The Landscapes of Peter Brown

By Geoffrey C. Koslov
July 15, 2015
The Landscapes of Peter Brown

It was seeing Peter Brown’s image of Aquifer Lake that made me stop and want to write about landscapes in general, and Peter Brown’s work specifically. Much like his recollections of travel across the country in his youth, his photos reminded me of a lake near my house growing up where I swam during the hot summers. At that moment, I realized that I did not have a way to really appreciate an image other than a visual visceral reaction. Walker Evans was quoted by Peter as referring to a “lyric documentary” (1) style “that bridges subject matter with a photographer’s psyche” (20). Peter describes his landscapes to me as “cultural landscapes” that may have a “lyrical documentary” bent behind them”. He infuses his landscape images with experiences from his youth crossing America by car, now enhanced with years of study of photography, photographers, writers and poets describing a land and its people. I wanted to go deeper into the image than just a pleasing visceral reaction and better appreciate his approach to landscape photography.


Aquifer Lake, Sands Hill, Rushville, Nebraska, 1993 from “On the Plains” ©


To understand why and how he captures images of the landscapes he treasures, I studied his prior interviews, read his books and visited with him myself. With the Great Plains, Peter’s images are “ informed by all these years of experience … so what he sees is something that he knows will make a compelling picture.” (3) I placed three of his images in this commentary to illustrate what I learned from him that might impact a viewer’s understanding of this genre of photography.


Cake Palace, Tahoka, Texas, 1994 from “On the Plains” ©


What do you see when you really look into an image such as the “Cake Palace”? Is the image of the land without the presence of people or evidence of civilization and his/her impact on the land? (4) In Peter’s images this is an important element: “…pictures of the landscape are often not about the landscape but about what people do to the landscape…”. (5)


Does the image contain a “facade”? “The facades are the persona of some of the inhabitants while the landscapes offer the freedom of an unobstructed vantage point”. (6) In the “Cake Palace” we see a stand alone building, presumably in a small town, that proudly expresses it presence with humor. A writer and artist of landscape design, John Brinckerhoff (J.B) Jackson, who Peter knew and traveled with, coined the term “vernacular (or cultural) landscapes”. Carl Sauer, an American Geographer, defined “[T] he cultural landscape (as) fashioned from the natural landscape by cultural group. Culture is the agent, the natural area is the medium, and the cultural landscape is the result”. (7) A building in an image can have more significance than just an image of the structure. We can learn something from the image, and even more if we already know something of the people in a particular area. Its not just a random sample of architecture. The building is selected for a reason. Its may be what’s written on the building, or its condition, or the history carried in a surprisingly well cared for door and window. In this image, it tells us about the pride and independence in this place. A photographer might include a structure or building that is more of a “Curiosity” that does not contribute to the image as a landscape. A curiosity is defined, in part, by Webster’s New World College Dictionary (8) “as … anything strange, rare or novel.” That is not the case with Peter’s images. Peter was influenced by J.B. Brinckerhoff’s caution that “photographers are constantly pulled toward curiosities rather than the larger picture” (9)…”which he viewed as photographic traps.” (10) The “Cake Palace” is not a “Curiosity”, its part a reflection of the spirit on the Plains.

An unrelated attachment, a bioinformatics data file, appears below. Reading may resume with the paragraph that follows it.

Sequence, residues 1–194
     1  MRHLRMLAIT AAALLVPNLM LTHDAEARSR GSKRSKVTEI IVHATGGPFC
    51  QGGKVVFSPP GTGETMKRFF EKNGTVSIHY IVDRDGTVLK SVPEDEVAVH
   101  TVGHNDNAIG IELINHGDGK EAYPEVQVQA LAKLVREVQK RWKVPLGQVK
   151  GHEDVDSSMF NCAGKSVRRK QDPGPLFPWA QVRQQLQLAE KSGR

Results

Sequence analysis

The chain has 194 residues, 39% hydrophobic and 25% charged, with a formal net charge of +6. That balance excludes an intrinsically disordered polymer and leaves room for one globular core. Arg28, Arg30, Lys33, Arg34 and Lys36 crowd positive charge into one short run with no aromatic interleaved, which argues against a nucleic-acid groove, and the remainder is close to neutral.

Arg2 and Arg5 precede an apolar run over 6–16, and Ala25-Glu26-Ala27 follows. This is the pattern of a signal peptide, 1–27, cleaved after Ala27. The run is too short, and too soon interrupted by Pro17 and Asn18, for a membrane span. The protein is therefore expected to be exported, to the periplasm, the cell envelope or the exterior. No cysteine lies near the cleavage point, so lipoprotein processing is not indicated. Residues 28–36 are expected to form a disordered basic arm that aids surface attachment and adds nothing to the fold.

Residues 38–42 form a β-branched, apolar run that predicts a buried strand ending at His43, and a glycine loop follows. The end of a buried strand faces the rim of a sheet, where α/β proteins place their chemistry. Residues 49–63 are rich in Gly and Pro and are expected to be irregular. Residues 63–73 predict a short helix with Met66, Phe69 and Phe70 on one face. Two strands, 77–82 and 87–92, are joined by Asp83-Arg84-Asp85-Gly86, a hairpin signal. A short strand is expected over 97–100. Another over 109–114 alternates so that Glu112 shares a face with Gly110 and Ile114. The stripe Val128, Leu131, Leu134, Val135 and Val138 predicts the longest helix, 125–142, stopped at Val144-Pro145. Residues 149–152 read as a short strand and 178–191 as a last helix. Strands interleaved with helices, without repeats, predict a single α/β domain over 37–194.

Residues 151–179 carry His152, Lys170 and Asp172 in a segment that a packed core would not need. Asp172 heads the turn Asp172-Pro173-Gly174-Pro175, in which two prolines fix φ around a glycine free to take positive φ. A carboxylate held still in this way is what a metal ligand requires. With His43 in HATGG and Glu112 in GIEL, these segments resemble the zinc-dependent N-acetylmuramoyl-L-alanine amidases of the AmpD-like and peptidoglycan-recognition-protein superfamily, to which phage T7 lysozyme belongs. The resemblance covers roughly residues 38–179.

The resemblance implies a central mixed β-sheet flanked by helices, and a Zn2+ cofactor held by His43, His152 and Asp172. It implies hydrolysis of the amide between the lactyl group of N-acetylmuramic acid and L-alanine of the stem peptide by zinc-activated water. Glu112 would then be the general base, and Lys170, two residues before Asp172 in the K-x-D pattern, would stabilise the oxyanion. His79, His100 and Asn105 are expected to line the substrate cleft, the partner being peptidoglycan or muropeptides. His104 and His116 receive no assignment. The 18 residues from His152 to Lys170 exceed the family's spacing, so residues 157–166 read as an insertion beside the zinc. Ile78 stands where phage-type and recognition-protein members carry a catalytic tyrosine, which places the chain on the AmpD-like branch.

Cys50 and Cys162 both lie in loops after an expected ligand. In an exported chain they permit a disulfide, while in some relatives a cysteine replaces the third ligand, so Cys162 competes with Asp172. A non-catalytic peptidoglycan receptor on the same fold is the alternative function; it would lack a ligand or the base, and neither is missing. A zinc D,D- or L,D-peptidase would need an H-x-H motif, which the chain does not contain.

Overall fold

Levelland, Texas, 2002 from “West of Last Chance” ©


How the horizon line is handled may hint at how the photographer might want to direct the viewer’s eye. Are there clouds, or not, in the sky and how are they presented? “(C)louds or their lack, give images time, depth, form and sometimes meaning”. (11) What time of day was the photograph taken: morning light, mid-day, or late afternoon, evening light? The “Levelland, Texas” image of a furrowed field shows the vastness of the Plains, the infinite horizon, and the work of men and women to make the land productive to feed a nation. The image would be significantly different if there was a cloud in the sky, or taken at a different time of day or under other weather conditions.